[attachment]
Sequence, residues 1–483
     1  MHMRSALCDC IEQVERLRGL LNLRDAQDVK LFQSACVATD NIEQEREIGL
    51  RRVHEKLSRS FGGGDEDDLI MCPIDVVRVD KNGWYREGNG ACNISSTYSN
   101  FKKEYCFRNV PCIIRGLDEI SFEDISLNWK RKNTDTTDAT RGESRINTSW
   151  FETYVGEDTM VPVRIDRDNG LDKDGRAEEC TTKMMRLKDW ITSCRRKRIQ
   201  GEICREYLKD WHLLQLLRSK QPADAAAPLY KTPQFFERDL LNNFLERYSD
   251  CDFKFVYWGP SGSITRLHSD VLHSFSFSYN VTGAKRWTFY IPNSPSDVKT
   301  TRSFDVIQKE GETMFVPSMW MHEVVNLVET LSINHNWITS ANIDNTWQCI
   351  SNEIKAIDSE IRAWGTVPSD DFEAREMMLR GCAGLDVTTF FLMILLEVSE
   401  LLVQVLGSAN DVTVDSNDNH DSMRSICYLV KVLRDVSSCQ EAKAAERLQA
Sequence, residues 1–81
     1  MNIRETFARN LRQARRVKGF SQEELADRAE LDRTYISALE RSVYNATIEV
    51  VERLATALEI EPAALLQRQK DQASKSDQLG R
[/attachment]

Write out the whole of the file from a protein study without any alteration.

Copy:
Sequence, residues 1–483
     1  MHMRSALCDC IEQVERLRGL LNLRDAQDVK LFQSACVATD NIEQEREIGL
    51  RRVHEKLSRS FGGGDEDDLI MCPIDVVRVD KNGWYREGNG ACNISSTYSN
   101  FKKEYCFRNV PCIIRGLDEI SFEDISLNWK RKNTDTTDAT RGESRINTSW
   151  FETYVGEDTM VPVRIDRDNG LDKDGRAEEC TTKMMRLKDW ITSCRRKRIQ
   201  GEICREYLKD WHLLQLLRSK QPADAAAPLY KTPQFFERDL LNNFLERYSD
   251  CDFKFVYWGP SGSITRLHSD VLHSFSFSYN VTGAKRWTFY IPNSPSDVKT
   301  TRSFDVIQKE GETMFVPSMW MHEVVNLVET LSINHNWITS ANIDNTWQCI
   351  SNEIKAIDSE IRAWGTVPSD DFEAREMMLR GCAGLDVTTF FLMILLEVSE
   401  LLVQVLGSAN DVTVDSNDNH DSMRSICYLV KVLRDVSSCQ EAKAAERLQA
Sequence, residues 1–81
     1  MNIRETFARN LRQARRVKGF SQEELADRAE LDRTYISALE RSVYNATIEV
    51  VERLATALEI EPAALLQRQK DQASKSDQLG R